Jet Airways
Jet Airways has a chance to reclaim lost glory when it resumes services within the next few weeks. Image Credit: Reuters

Dubai: India’s Jet Airways has received its air operator’s license from the regulator for a restart in the third quarter of 2022.

The airline received its revalidated air operator certificate (AOC) from the Directorate General of Civil Aviation (DGCA).

The Jalan Kalrock Consortium has thus fulfilled all the conditions precedent under their NCLT approved resolution plan.

The revalidation of AOC enables Jet to resume commercial operations in India. The AOC was the final step in a comprehensive regulatory and compliance process involving several checks for the airline’s operational readiness. The process concluded with the airline having conducted several proving flights between May 15 and May 17 with key DGCA officials on board.

“Today marks a new dawn for not just Jet Airways, but also for the Indian aviation industry. We are now at the brink of creating history by bringing India’s most-loved airline back to the skies,” said Murari Lal Jalan, Lead Member of Jalan-Kalrock Consortium.

Jet Airways expects to recommence operations between July and September. Aircraft and fleet plan, network, product and customer value proposition, loyalty program, and other details will be unveiled in a phased manner over the coming weeks.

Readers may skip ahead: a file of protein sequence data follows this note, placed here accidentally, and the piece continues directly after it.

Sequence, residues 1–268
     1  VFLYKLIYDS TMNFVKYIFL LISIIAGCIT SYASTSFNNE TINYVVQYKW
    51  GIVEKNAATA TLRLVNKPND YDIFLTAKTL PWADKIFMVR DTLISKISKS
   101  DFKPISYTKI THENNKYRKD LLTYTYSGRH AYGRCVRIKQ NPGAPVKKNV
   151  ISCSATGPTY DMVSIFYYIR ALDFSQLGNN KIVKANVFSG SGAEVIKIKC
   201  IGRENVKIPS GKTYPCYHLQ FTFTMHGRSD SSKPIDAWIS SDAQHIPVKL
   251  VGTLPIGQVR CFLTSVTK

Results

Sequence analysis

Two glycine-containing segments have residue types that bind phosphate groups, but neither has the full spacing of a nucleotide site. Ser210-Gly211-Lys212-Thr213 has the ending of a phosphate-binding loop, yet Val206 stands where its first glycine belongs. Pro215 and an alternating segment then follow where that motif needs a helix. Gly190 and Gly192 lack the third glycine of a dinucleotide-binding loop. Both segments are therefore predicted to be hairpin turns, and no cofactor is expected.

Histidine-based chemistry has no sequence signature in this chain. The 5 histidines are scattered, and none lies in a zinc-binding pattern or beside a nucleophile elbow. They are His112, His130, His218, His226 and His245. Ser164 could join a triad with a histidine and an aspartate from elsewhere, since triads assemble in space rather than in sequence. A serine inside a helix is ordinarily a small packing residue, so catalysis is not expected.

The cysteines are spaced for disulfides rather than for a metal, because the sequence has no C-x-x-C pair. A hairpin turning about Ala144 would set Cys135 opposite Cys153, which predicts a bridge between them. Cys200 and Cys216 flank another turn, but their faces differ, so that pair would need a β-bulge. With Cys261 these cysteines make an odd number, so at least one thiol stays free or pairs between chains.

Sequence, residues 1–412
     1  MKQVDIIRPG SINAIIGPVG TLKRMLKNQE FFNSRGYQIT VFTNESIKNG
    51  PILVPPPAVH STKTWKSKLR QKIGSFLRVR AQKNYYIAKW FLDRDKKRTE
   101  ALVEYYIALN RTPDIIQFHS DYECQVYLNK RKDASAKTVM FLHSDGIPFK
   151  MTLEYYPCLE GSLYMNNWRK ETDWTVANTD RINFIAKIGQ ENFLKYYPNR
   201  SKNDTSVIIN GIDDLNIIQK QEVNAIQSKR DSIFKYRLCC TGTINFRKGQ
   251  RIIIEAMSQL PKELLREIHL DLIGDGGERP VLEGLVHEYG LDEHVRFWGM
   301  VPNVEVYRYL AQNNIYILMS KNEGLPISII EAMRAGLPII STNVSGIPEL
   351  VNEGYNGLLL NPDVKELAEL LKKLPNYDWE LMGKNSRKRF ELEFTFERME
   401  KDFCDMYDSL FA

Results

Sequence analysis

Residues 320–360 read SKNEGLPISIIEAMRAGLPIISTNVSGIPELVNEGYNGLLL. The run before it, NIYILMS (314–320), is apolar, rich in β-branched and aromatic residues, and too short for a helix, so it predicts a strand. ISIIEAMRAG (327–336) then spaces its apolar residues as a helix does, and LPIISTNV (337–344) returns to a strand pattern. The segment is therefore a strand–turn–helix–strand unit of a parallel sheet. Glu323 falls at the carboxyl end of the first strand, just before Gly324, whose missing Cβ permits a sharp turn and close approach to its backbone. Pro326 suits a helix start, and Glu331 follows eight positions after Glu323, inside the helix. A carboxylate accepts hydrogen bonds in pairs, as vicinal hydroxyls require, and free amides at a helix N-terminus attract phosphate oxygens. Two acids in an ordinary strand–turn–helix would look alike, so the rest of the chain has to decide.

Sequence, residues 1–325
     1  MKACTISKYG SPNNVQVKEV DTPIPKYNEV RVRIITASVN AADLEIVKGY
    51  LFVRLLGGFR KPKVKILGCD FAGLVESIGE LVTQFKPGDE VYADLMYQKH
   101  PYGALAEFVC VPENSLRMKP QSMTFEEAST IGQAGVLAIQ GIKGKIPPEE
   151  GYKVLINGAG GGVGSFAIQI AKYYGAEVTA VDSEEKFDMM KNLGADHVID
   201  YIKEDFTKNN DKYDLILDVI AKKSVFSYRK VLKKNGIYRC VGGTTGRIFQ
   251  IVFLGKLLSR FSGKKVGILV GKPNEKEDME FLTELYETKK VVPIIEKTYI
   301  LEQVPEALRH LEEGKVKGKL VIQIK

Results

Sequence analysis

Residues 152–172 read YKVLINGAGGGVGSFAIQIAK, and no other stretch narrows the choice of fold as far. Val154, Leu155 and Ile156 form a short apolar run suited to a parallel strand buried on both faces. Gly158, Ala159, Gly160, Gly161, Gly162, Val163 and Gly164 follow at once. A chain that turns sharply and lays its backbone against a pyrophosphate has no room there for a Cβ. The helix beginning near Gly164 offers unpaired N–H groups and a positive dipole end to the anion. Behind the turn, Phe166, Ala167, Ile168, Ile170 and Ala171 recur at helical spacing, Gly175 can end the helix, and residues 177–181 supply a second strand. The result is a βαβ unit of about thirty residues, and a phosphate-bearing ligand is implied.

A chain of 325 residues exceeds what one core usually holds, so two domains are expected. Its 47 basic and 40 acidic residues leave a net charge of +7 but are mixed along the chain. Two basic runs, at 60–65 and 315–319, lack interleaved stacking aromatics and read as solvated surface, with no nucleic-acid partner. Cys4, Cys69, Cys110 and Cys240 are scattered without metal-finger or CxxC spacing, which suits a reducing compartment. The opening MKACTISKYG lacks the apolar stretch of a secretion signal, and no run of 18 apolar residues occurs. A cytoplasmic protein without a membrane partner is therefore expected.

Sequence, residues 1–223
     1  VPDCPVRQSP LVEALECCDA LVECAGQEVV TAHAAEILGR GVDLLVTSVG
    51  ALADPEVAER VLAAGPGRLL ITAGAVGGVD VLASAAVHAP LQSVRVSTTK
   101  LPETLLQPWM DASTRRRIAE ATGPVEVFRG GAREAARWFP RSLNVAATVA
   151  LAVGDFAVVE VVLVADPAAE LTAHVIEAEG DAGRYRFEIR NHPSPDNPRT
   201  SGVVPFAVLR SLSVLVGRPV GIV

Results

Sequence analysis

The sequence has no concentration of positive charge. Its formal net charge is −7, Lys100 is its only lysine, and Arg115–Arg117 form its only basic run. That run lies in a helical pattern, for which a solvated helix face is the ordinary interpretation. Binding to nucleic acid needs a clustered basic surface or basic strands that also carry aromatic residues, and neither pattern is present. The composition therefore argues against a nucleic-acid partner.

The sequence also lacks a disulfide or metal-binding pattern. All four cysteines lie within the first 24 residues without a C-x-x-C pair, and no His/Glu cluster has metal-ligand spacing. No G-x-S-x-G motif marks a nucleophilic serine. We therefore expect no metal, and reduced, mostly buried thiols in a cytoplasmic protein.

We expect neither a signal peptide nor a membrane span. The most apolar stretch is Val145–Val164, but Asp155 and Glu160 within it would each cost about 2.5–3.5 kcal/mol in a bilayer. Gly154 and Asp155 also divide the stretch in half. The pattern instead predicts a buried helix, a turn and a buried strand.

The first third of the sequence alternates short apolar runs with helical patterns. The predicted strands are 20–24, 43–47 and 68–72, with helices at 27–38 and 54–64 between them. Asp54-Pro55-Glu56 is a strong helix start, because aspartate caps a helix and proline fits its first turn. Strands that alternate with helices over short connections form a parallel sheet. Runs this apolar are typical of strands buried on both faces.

More appointments

Additional senior management appointments will be unveiled next week and hiring for operational roles will also now commence in earnest, with former Jet Airways staff getting preference wherever possible.

“There is a need for an airline that is simply not a clone of other airlines but offers something that is meaningfully different while offering new ways to attract, delight, and win customers,” said Jet Airways CEO Sanjiv Kapoor.

“All of us on the re-start team are deeply committed and passionate about building the new Jet Airways into a modern, differentiated, people-focused airline for the digital age.”

Jet, which was once India’s biggest private airline, operated a fleet of more than 120 planes serving dozens of domestic destinations and international hubs such as Singapore, London, and Dubai. The airline was forced in April 2019 to ground all flights due to mounting losses as it attempted to compete with low-cost rivals.